Financial Literacy

Is Debt Bad and Should It Be Avoided at All Costs?

If you have some debt, should you pay it first or should you try to invest your way out of it? Is debt good or bad?

Generally speaking and as noticed in the “defining asset vs liability” post, debt is not inherently good or bad, it’s mostly about how it’s used. At the end of the day, debt is just leverage and you pay a premium to use that leverage in the form of interests.

Therefore, from an economic perspective, it usually only makes sense to use this leverage if the benefit of this leverage outweighs the cost of the premium. More simply said, if you borrow money at 5% per year and you’re pretty sure you’ll make a 10% or 20% return on that borrowed money it’s certainly worth it. However if the returns were only 3%, the cost of the debt would be higher than what you’d earn and it would probably not make sense from an economic standpoint to contract such loan.

So in the end, using debt to acquire cash flow performing assets is definitely worth it if the returns are higher than the cost of servicing the debt. But otherwise it should be avoided. Using debt for regular consumption is probably the worse type of debt one can contract, since the returns on consumption items are usually 0%: that new appliance or that fancy dinner will not make you any money.

A note on education: the current outstanding student loan debt in the US is now over $1.6 trillion. And many people are stuck in a job that does not allow them to service their student debt burden. Worse, as of January 2020, student debt is not dischargeable in bankruptcy and you may be stuck with your student debt for life. So for any student looking for a student loan, it’s probably wise to check what’s the salary one can expect out of college to assess how much debt is reasonable.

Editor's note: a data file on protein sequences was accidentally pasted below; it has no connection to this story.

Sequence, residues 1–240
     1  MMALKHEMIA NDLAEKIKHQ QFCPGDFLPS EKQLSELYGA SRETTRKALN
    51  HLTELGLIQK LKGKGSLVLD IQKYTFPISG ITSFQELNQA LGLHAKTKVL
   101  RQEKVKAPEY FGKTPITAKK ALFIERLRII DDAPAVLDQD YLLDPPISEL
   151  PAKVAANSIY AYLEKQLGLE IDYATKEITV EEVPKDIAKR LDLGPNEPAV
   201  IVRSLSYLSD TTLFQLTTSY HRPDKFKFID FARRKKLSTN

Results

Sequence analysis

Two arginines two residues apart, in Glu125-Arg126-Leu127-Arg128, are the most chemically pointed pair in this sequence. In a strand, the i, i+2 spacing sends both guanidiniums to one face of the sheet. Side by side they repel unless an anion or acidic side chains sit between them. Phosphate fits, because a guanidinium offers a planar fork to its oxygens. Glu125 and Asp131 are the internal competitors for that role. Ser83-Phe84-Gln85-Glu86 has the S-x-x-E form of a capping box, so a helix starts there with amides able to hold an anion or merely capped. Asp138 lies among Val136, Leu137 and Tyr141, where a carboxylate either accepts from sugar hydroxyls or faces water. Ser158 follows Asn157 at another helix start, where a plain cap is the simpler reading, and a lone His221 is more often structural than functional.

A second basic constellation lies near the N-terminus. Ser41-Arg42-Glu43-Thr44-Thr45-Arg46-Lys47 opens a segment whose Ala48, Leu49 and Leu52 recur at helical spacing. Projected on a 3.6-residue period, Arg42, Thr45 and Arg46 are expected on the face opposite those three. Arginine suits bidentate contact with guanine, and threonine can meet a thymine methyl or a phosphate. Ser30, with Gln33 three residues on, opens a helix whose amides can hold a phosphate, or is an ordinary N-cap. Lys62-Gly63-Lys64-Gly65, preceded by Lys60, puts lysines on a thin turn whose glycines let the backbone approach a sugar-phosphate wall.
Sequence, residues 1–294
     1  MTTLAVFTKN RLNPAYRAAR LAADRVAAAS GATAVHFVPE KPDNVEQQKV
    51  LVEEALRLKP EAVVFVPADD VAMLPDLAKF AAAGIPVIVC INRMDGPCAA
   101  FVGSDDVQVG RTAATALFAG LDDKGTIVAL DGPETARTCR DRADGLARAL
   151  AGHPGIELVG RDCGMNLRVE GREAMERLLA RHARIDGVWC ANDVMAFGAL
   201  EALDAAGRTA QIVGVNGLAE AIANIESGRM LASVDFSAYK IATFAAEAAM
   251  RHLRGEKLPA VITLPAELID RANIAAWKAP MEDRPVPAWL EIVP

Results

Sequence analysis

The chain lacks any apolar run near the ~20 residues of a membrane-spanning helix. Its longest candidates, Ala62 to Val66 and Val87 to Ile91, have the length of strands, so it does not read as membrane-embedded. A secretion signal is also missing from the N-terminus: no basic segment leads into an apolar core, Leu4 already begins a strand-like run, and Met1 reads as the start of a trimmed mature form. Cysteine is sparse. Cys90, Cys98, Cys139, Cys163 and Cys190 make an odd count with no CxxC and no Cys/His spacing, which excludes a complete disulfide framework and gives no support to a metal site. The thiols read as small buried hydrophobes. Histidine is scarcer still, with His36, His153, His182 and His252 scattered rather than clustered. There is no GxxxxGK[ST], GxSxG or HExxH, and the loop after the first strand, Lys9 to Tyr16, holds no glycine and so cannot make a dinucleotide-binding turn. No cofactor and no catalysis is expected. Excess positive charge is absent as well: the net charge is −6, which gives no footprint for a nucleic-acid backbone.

There are several websites to check how much one can expect for a given job:

Having, let’s say, $50,000 of debt out of Med school to be a physician is probably reasonable, ditto with a Computer Science degree to be employed as a software engineer (at least in early 2020), as these jobs tend to earn at least six figures out of college, but it is not the case for many other degrees.

It may all sounds like common sense, but it’s important to absorb and never forget the fundamental economic mechanics of debt, because it’s easy to get tempted by a fancy new appliance, house or college degree that could put an enormous drag on your finances and delay your financial freedom by several years if not forever.

But what if you already have debt? Should you pay it first or invest your way out of it? Well, every investment carries some risk and the money invested can be completely lost. On the other hand, the debt you pay down, is a guaranteed balance payment you won’t have to service anymore. Therefore, it’s usually more advantageous to pay down existing consumer/student loan debt.

But debt at the end of the day is leverage, and leverage carries risk. And carrying risk over an extended period of time is something to be dealt with carefully.

So, how should you go about paying it off? Have a look at the Fastest Way To Pay Down Debt.